Sex and gender journalists ask our sources to bare highly personal details that others find painful to discuss even in private. Our subjects are not compensated when they tell us their stories. Instead, comments sections around the Web compile the most heinous reactions to their private lives, written by the world’s foremost anonymous bigots. Our story fades from the news, but it continues to hover over their Google search results, possibly forever. Their friends are free to constantly rewrite their online personalities with a new Facebook status update, but our subjects’ life stories are crystalized at a moment in time — and in someone else’s words. The reporter who lent them a sympathetic ear has shifted her focus to the next piece.

I’ve been that reporter, the one encouraging a source to sign up for all of the above. Sometimes — when a stranger emails me to thank me for a years-old piece I wrote on sexual assault, or a bewildered colleague asks me for a primer on what “transgender” means — I get the sense that my work is contributing, however modestly, to a broader social shift. But I’ve also watched as my reporting has shaken the private lives of my subjects.

In 2009, I profiled Devin, a transgender college student struggling to find his place in his school’s Greek system. Online, the comment box unspooled with the force of hundreds of sorority sisters, who branded him a “freak” and an “it.” I detailed the facial fractures a middle-aged gay man named Stanley sustained as the victim of a series of hate crimes in Washington, D.C. Long after the story came out, he kept ringing my office line, hoping to keep up the coffee dates we had throughout the reporting process; I quit my job soon after and decamped to L.A. I reported on the medical procedures that Suzanne, a transgender woman, had undertaken in the course of her transition to female. She liked the story, but hated the way her face looked in the accompanying photograph. She posted a new photo to her blog months later, her face still bandaged and swollen from a few more cosmetic surgery procedures.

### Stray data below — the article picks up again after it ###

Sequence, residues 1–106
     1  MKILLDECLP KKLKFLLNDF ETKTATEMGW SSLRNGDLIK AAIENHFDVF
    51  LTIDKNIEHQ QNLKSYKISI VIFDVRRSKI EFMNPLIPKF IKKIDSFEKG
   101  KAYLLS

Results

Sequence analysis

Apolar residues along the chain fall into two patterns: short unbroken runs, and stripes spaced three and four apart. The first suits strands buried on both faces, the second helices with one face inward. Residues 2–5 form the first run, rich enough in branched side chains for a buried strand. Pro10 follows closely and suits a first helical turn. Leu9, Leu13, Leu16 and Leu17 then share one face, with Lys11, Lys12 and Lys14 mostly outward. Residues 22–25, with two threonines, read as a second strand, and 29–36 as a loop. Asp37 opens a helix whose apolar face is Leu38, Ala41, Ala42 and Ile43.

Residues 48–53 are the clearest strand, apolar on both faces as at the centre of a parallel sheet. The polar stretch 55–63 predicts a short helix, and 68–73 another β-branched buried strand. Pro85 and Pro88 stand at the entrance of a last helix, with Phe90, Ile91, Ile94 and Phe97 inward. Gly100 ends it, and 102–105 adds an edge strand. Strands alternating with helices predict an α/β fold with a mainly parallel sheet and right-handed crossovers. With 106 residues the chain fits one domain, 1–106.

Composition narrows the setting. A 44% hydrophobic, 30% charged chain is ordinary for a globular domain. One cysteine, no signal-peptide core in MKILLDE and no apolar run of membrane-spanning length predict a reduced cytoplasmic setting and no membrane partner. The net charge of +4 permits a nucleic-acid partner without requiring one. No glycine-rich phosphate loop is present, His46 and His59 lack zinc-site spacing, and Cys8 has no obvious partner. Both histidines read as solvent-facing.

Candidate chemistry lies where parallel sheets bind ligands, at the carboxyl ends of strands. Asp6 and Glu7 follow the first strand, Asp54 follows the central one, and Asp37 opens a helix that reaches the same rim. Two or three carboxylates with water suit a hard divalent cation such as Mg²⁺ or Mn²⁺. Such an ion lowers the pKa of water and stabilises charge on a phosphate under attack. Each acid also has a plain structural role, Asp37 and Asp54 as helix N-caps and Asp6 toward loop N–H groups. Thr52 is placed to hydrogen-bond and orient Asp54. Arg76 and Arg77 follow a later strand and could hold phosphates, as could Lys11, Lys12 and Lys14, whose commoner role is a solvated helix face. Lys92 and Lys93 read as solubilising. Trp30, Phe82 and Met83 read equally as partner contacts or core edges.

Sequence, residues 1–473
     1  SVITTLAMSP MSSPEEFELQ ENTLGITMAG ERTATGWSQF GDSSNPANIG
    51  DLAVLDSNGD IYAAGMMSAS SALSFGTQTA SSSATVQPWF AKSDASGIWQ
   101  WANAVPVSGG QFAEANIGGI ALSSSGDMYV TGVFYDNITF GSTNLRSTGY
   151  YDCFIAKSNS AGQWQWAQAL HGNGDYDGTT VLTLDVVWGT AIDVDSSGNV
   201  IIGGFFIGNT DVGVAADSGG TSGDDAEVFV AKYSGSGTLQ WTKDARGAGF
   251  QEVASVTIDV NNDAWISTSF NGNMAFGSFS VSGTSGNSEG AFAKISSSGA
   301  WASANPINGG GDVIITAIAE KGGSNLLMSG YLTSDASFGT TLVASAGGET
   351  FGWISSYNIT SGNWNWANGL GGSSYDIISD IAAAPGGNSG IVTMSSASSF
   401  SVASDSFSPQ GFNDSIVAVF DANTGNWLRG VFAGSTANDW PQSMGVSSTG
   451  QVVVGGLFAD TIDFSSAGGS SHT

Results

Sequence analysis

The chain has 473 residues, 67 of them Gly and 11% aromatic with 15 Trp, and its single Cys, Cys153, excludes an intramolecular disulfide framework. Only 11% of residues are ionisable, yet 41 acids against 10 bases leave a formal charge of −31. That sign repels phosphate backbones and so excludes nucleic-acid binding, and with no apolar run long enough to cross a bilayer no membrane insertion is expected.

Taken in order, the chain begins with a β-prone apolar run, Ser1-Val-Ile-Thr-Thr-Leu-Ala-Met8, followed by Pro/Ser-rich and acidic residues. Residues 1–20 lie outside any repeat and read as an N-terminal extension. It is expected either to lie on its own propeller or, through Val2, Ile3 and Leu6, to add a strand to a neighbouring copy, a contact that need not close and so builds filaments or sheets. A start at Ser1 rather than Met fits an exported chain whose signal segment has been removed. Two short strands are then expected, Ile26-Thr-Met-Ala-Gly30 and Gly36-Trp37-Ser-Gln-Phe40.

It’s not easy for reporters to admit that talking to them could negatively affect a source’s life. It’s not convenient, either.